These bags have a soft organic feel and they offer a fully hermetic seal for the freshest coffee possible. The block bottom allows the bags to stand up proudly on a counter or shelf. This innovative material is constructed out of Biotre® Film, created by Pacific Bag and is certified to OK Compost’s Home Composting Standard and to ASTM International standards for commercial compostability.
When we founded Barrington Coffee in 1993, we have always sought to identify the most exciting coffees on the planet, grown by farmers who use environmentally sustainable methods for cultivation. At long last we are able to bring our coffee sourcing philosophy in line with our packaging.
Each of our Barrington Coffee Origin CertifiedTMcoffees arrives at our Roastery after having been certified at origin by a formally recognized third party certifier as having been produced without the use of pesticides, herbicides, or synthetic fertilizers. In addition to having been certified at origin by a recognized organic certifier, some coffees may bear additional third party certifications from organizations such as Rainforest Alliance, Demeter, TransFair USA, Smithsonian Institution, Utz Kapeh and others. Please consult the description for each coffee on our menu to learn more about its distinct identity.
Barrington Coffee’s Pioneering Role in Organic Coffee Processing
Barrington Coffee Roasting Company, Inc. was among the very first specialty coffee roasting companies in the US to be certified for organic coffee processing. Our certification as a processor began in 1996 and predates our certification through the National Organic Program by seven years.
We have been ardent supporters of organic and biodynamic coffee cultivation since we started our roasting company in 1993. During our earliest days roasting, we began sourcing coffees from certified organic coffee growing cooperatives in the Dominican Republic, Peru, Mexico, Guatemala and Sumatra. As Timor established its independence in 1999, we have had the good fortune to work with there as well. Our deep roots in organic agriculture qualify us as one of the longest term certified organic specialty coffee roasters in the United States.
In the mid 90’s we became involved with a biodynamic coffee farming project in the mountains of the Dominican Republic. This was a project inspired by Christoph Meier, one of the founders of the Hawthorne Valley Farm, Ghent, NY. Christoph Meier is a pioneer of biodynamic tropical agriculture and currently operates his biodynamic banana and mango farm, Horizontes Organicos in Azua, Dominican Republic.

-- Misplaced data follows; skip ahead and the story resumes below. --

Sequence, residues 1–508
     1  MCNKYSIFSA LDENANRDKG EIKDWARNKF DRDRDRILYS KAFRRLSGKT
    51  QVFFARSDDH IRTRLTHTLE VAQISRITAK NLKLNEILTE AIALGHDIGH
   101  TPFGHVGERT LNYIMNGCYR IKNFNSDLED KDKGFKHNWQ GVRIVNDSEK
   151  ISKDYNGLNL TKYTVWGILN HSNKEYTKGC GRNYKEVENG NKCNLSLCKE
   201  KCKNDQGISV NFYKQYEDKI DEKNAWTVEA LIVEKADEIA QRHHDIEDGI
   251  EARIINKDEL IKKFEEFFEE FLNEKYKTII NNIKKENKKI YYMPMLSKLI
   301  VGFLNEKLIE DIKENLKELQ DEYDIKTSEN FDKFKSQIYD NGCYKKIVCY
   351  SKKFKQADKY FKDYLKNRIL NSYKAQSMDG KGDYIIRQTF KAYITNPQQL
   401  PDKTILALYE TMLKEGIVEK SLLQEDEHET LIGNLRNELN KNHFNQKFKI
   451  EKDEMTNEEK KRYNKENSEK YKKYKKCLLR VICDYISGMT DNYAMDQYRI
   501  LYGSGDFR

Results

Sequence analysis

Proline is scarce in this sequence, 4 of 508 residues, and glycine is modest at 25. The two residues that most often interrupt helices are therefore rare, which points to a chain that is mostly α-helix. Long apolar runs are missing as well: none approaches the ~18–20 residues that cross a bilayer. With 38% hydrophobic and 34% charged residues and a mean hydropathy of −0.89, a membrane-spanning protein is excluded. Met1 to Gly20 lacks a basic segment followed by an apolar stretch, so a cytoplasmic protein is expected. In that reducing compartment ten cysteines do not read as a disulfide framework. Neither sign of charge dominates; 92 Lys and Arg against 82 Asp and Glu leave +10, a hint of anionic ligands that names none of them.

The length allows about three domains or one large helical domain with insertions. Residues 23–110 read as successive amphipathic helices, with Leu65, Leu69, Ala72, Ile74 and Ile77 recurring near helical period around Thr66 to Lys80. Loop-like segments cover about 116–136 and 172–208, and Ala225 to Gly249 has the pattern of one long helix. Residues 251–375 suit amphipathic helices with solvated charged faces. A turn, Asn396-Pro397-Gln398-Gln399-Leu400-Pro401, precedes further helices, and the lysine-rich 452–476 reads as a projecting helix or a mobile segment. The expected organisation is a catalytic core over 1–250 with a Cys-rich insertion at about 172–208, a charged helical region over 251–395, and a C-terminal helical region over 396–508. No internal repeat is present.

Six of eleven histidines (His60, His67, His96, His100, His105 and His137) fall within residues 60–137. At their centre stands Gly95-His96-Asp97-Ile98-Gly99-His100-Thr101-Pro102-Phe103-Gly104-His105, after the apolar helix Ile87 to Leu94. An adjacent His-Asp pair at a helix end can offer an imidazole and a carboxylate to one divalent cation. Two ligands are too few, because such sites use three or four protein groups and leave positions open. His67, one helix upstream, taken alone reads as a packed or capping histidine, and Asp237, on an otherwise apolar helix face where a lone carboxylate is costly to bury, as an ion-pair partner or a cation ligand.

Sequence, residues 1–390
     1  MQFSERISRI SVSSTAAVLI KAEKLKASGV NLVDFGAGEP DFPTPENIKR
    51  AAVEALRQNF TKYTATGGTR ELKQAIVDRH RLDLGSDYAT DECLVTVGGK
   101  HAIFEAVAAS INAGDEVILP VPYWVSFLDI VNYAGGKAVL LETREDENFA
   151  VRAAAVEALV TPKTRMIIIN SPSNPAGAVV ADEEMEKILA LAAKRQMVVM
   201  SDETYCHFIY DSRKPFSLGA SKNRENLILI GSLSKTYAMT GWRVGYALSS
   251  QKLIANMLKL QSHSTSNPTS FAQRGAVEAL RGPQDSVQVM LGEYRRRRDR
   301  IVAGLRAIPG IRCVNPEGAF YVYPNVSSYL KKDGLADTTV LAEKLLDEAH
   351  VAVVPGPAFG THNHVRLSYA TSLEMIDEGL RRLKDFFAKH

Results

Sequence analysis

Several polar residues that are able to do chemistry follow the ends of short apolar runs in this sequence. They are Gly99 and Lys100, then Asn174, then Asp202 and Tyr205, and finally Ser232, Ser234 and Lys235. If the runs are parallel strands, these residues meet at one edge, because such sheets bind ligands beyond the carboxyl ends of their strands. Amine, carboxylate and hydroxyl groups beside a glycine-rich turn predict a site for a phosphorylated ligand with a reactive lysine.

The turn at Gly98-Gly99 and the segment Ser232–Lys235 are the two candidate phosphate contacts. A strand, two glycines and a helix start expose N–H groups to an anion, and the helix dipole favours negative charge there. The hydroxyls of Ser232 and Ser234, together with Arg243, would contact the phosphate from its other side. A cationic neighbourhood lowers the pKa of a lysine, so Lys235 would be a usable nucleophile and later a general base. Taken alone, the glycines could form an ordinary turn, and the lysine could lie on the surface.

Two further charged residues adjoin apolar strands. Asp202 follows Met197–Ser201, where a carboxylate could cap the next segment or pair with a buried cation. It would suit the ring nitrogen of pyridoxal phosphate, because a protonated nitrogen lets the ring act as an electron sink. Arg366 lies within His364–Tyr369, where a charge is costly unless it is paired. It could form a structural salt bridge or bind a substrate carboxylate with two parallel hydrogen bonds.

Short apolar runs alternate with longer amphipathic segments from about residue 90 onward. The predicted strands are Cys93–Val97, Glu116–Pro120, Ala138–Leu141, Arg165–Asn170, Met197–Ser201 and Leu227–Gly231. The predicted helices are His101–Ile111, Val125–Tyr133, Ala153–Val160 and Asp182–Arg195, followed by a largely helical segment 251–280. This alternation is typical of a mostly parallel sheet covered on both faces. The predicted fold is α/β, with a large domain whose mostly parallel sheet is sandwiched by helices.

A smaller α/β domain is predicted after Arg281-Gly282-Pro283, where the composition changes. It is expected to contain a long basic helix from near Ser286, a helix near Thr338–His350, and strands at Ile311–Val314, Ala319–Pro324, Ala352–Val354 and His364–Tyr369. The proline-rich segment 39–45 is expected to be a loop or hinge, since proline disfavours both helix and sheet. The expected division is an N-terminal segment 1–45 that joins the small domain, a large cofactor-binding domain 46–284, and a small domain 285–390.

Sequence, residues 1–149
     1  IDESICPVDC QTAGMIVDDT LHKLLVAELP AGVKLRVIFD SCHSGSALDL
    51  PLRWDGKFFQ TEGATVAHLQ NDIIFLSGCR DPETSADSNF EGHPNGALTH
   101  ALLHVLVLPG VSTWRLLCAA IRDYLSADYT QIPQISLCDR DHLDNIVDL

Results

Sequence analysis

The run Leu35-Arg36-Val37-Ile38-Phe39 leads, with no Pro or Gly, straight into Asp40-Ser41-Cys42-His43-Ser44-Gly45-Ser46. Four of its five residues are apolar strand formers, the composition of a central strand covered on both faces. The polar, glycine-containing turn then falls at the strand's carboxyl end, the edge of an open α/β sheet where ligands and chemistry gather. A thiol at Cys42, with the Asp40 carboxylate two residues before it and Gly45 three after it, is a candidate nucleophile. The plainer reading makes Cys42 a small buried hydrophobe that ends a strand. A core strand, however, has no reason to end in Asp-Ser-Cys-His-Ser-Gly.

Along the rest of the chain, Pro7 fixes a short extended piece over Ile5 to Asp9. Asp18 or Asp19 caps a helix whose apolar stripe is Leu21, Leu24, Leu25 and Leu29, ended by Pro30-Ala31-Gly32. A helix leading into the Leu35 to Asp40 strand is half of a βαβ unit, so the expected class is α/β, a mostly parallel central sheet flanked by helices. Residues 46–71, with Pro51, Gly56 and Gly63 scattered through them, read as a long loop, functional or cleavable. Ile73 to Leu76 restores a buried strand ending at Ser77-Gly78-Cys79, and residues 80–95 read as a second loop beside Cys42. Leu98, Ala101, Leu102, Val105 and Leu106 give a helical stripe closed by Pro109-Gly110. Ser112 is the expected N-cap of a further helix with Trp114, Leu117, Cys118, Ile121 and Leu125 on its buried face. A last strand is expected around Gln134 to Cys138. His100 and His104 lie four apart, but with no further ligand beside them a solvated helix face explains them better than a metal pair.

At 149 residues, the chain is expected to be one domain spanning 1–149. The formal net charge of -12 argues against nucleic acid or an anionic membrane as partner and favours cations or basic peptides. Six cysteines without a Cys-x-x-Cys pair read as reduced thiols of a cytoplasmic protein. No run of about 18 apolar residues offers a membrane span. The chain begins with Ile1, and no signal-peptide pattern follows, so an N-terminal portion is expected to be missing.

Our path to organic certification began in 1996 with Quality Assurance International (QAI).At that time we undertook a pro bono consulting project to assist the largest organics company in Europe, Rapunzel Pure Organics, to build a roasted coffee program here in the United States. This project involved work with a coffee cooperative in Chiapas, Mexico. This farm was both organic certified as well as biodynamic certified through Demeter International.
Our work with the very same coffee cooperative in Chiapas, Mexico laid the foundation for the coffee program at the Arbor Day Foundation. This was another pro bono project which we initially consulted with the Arbor Day Foundation and helped to get off the ground with Matthew Quinlan at Conservation International(CI).
In 2015 we came to the realization that through the efforts we undertake with such a broad diversity of farms and cooperatives of all shapes and sizes, we are able to do an even more effective job at categorically describing our coffees through our own certification program. Thus was born the Barrington Coffee Origin CertifiedTM Program.
The processing methods we utilize at our coffee Roastery have always been found in utmost compliance with the guidelines set forth by the USDA and the FDA. Our methods remain unchanged and are driven by the pursuit of sourcing and preparing the finest roasted-to-order coffees on the planet and delivering them to you — FRESH. To make that happen, we fire up our roasters Monday through Thursday of each week. Any order received before 9am will be roasted and shipped out that very same day.
We strongly support farming without the use of pesticides, herbicides, synthetic fertilizers and fungicides. We believe that coffee grown under the shade of a tree canopy and polyculture farming practices foster biodiversity, more resilient farm systems, a healthier planet and the highest quality coffee.
Barth Anderson, green coffee buyer for BCRC at the Doka Estate, a fourth generation family farm in the Central Valley of Costa Rica.
How do we source the coffees that we roast? With great care.